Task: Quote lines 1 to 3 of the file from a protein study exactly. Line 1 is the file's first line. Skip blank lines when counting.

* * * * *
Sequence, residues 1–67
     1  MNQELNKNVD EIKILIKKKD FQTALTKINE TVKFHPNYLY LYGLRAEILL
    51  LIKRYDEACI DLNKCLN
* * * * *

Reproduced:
Sequence, residues 1–67
     1  MNQELNKNVD EIKILIKKKD FQTALTKINE TVKFHPNYLY LYGLRAEILL
    51  LIKRYDEACI DLNKCLN